At Villa Vanilla a technique of strip intercropping is used to cultivate these vanilla pods growing on their coral trees. Rather than unified rows of just vanilla or cinnamon, various plant species are grown together to give them the chance to interact symbiotically. By growing next to these cash crops, these other plants supply the vital leaf litter that provides the nutrients for a healthy soil. Experts who studied soil quality after the tropical hurricanes devastated the region; found the soil at Villa Vanilla to be the healthiest in the area, as well as the first re-inhabited by earthworms. Another Biodynamic technique used at Villa Vanilla is the use of natural fertilizer. Young trees are fertilized with composted animal waste and woodchips taken directly from other parts of the farm. A useful byproduct of this composting is a dark liquid like tea that can be used as a natural insecticide. Karczynski thus saves money by not needing fertilizer and insecticide from outside manufacturers.
In the crop postproduction area, I saw hundreds of darkened vanilla pods drying outdoors on the grass and on wooden slats inside the warehouse. Our guide explained that vanilla pods must be cured in the sun and shade for several months to start an enzymatic process that gives vanilla its distinctive taste. In each of these pods are thousands of tiny edible black seeds that look like – and are called caviar. It is these seeds that we find in natural vanilla ice cream.
Our guide went on to tell us that vanilla is the most popular flavor in the world due to its unique ability to subdue the bitterness of other flavors without adding its own taste of vanilla. For example, many people use a hint of vanilla in tomato sauces to remove the sour aftertaste of the tomato. Likewise, a ground up vanilla pod can be added to coffee grinds during the brewing process to take out the acidic taste without adding any additional flavor.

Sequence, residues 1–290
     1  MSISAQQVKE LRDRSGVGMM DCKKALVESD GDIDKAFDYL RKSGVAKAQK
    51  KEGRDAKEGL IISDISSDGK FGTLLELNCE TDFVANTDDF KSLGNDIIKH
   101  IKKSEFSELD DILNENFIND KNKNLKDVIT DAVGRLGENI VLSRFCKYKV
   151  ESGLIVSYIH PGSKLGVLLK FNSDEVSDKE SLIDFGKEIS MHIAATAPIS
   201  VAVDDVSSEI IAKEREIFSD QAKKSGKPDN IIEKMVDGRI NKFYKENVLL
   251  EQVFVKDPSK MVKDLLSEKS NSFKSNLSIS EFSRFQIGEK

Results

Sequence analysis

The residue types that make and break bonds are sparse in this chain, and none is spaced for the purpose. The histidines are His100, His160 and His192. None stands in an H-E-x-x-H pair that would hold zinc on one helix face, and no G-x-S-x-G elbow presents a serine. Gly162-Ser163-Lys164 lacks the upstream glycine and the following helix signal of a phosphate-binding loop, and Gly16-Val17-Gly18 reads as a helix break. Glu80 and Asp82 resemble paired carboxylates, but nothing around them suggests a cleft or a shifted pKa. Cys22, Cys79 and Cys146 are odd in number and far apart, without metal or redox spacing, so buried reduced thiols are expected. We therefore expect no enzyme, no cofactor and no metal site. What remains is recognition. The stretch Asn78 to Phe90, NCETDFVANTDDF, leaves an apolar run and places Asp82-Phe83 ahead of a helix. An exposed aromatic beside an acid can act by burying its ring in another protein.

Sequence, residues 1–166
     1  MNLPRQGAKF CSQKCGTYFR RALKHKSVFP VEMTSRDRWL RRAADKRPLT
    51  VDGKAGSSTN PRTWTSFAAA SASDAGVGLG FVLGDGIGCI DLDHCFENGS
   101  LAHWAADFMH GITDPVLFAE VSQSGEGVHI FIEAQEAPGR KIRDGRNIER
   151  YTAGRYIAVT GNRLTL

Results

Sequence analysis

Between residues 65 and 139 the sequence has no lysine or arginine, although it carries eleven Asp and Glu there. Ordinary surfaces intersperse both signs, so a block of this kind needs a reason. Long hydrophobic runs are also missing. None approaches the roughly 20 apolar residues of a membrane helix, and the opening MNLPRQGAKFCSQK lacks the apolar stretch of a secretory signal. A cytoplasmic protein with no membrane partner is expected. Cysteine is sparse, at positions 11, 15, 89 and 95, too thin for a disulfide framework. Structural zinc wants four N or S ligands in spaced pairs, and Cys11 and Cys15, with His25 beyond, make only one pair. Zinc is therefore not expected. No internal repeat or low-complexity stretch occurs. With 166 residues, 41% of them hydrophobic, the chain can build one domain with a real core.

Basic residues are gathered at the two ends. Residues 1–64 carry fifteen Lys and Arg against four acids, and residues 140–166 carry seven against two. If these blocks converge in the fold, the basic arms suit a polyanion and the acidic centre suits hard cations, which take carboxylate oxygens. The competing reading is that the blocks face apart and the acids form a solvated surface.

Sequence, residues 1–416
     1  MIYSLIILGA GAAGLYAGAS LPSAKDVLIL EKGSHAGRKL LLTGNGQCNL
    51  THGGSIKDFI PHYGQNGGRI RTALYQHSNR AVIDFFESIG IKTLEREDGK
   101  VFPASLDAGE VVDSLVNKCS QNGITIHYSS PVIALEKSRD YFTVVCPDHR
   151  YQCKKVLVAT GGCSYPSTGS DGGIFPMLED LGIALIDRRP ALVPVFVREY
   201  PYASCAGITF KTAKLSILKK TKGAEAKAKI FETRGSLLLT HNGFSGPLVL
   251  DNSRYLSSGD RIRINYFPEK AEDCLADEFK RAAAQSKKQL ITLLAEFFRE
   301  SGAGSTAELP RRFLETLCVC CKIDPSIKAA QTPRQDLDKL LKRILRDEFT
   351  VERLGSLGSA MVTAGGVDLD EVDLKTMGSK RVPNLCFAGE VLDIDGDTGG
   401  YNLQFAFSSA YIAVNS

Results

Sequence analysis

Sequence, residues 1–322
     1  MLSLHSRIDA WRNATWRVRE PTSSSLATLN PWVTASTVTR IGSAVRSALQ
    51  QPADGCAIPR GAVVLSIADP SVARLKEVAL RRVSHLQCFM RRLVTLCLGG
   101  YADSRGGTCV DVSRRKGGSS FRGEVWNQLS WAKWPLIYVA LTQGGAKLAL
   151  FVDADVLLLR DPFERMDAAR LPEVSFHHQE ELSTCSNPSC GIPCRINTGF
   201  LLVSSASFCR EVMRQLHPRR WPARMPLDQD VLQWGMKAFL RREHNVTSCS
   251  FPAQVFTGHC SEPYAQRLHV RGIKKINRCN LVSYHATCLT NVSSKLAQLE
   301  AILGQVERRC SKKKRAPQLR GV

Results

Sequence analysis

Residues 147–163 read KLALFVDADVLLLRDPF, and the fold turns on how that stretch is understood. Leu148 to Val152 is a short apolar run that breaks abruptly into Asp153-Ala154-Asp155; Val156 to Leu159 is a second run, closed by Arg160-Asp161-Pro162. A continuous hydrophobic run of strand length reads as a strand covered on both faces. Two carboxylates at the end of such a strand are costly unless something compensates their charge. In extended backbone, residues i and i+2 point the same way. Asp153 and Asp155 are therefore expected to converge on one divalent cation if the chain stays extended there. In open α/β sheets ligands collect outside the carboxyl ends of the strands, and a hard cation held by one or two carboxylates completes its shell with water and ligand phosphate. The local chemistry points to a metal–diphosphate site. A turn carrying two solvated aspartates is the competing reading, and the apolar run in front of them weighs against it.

Our tour ended in a rustic patio that overlooks the hundreds of acres of rainforest of Villa Vanilla, and the foothills beyond. Here we finally had the opportunity to taste the farm grown vanilla as an ingredient in one of its oldest uses: Xocolatl. Xocolatl is the ancient form of hot chocolate enjoyed by the Mexican royalty in pre-Columbian history, and later brought back by the Spanish for the European courts. The recipe is 2,000 years old and includes cocoa bean, vanilla, and chili pepper. The chili pepper is included to open the capillaries of the throat and mouth, and allow for the rapid ingestion of the supposed medicinal properties of the cocoa bean. The vanilla removes the harsh aftertaste of the cocoa bean. Without any added sugar or milk, it is easy to see how vanilla is a critical ingredient; without it the Xocolatl would be too bitter to drink. To this day vanilla is a primary ingredient in chocolate.
Enjoying this ancient beverage of Xocolatl and thinking about all I learned from the tour, I realized that sustainable agriculture, in addition to being both environmentally and socially friendly, can also be applied as a very profitable business model. Without having to spend resources on fertilizers and insecticides, farmers can invest this money in other areas. The new spice shop on the grounds of Villa Vanilla is an example of this. More importantly, an elevated level of quality control is inherent by using a very specialized work force to cultivate their crops. This was recently validated when Villa Vanilla was awarded “Biggest and best quality vanilla pod” by the international board, vanillareview.com. For these and many other reasons sustainable agriculture is becoming an established mode of farming. Everyday more and more people are signing up for these tours at Villa Vanilla to learn where their everyday and exotic spices come from, as well as to see for themselves a form of agriculture that improves the local ecosystem.